P1: Explain theories of ageing M1: Compare two theories of ageing.
There are many different theories explaining different aspects of aging in older adults, there are four major theories which are; psychological/social theory, stochastic theory, non-stochastic theory and biological theory. All theories have different theories included in them, I will be discussing one for each.
Disengagement theory (Psychological theory) is mostly based upon a gradual disengagement of the individual from the society. Disengagement theory argues that individuals voluntarily withdrawal from society, and it is expected that they will withdrawal by society when they slow down by retiring. This theory claims that elderly individuals systematically disengage from their previous social roles as they realise that death is in the near future. The theory further suggests that society responds to this mutually as of recognition that the individual will soon pass and the younger generation needs to come take over, so they can function in their absence. Disengagement theory has nine postulates to explain why it is rational for individuals to slowly as their age passes to begin anticipating their own deaths and start to disengage, so the new generation can take over and replace their job roles. Another theory is wear and tear which is the stochastic theory, this theory compares the human body to a machine and argues that it simply wears out because of constant use. This theory claims that aging is caused by progressive accumulation of damage by various factors, such as mechanical wear and tear. Dr August Weismann first introduced this theory in 1882, his theory was that the body and its cells were damaged over time by the overuse and abuse. He also claimed that it wasn’t just the constant use which damaged the body, it was toxins in our diet and in the environment. For example the excessive consumption of fat, sugar, caffeine, alcohol and nicotine, by the ultra-violet rays of the sun...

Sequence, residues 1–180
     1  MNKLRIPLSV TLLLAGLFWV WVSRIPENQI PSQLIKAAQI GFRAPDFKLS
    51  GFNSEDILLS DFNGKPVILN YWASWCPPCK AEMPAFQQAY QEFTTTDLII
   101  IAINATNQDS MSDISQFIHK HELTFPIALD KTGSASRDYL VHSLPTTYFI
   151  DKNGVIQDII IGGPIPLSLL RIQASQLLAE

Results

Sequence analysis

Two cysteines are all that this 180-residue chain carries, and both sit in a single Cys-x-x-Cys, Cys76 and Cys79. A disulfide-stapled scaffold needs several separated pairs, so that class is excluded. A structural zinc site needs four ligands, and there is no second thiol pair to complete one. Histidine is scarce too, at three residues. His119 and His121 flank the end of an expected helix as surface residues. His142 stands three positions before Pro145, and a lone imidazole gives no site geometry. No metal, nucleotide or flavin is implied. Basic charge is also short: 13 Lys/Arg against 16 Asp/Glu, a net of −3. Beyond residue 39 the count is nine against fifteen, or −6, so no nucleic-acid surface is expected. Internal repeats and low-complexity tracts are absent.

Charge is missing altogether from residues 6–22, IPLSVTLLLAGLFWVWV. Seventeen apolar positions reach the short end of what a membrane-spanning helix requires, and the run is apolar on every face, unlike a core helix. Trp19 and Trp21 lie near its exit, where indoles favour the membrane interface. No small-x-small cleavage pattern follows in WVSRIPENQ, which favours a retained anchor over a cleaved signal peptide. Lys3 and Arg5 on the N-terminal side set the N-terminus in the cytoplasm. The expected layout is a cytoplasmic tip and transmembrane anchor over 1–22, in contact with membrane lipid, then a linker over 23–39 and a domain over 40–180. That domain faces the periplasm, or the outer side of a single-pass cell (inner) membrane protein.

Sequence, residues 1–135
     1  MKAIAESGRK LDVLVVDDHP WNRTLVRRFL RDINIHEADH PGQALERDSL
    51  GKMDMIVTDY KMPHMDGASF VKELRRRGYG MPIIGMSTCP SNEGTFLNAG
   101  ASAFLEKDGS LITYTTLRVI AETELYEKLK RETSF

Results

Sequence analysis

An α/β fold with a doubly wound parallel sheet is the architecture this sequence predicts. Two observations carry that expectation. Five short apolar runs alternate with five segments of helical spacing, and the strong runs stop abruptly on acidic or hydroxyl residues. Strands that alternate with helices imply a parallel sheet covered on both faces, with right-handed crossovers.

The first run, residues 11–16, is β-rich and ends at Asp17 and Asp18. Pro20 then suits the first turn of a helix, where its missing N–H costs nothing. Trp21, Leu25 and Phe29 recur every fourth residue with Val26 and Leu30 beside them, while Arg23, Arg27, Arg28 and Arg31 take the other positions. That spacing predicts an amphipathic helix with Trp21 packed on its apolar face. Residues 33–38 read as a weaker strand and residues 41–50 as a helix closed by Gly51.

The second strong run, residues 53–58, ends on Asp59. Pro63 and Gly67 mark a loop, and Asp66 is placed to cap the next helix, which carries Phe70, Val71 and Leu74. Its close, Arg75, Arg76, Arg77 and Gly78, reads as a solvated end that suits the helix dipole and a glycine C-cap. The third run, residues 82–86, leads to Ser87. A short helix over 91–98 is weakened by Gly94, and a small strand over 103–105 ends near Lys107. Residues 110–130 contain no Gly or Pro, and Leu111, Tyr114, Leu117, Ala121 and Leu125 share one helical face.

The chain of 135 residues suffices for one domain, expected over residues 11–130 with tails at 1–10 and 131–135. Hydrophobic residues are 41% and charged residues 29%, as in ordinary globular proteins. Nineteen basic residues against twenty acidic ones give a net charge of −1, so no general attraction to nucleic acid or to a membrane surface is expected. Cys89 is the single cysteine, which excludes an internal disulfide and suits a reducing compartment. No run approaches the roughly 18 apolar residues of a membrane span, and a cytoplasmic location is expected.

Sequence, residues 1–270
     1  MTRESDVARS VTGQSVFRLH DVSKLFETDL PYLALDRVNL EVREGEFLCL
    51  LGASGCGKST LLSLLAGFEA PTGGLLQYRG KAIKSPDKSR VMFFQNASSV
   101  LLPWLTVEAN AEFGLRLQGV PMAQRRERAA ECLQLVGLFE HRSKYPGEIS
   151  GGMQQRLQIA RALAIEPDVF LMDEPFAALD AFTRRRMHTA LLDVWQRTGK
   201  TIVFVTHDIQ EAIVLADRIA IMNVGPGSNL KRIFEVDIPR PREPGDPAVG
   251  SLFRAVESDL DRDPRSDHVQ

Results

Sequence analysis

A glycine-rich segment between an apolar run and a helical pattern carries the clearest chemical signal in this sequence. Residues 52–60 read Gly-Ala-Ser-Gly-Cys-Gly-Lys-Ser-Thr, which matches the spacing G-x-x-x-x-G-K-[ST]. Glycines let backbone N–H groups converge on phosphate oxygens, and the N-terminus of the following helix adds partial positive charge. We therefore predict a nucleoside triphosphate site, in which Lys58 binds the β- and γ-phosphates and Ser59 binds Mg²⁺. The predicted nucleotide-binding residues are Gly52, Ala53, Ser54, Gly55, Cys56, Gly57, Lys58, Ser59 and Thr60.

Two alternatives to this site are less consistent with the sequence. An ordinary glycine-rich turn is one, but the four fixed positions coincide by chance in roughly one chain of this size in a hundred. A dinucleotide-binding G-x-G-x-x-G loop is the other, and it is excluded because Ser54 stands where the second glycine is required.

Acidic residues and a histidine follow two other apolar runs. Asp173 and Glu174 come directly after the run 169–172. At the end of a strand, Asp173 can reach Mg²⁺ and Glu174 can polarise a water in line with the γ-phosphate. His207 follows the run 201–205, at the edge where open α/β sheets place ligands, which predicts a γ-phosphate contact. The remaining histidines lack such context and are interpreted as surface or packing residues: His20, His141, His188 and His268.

References: Boundless (2015). Disengagement Theory. Available at: http://www.boundless.com/sociology/textbooks/boundless-sociology-textbook/aging-18/the-functionalist-perspective-on-aging-128/disengagement-theory-721-9147/ (Accessed: 18/04/2015)
Prolongyouth (2010). Wear and tear theory, Available at: http://prolongyouth.com/index.php?/Aging-Theories/The-Wear-and-Tear-Theory (Accessed: 19/04/3015)
Warddeanmd, Dean. W (2012). Neuroendocrine theory of aging. Available at: http://warddeanmd.com/articles/neuroendocrine-theory-of-aging-chapter-1/ (Accessed: 20/04/2015)
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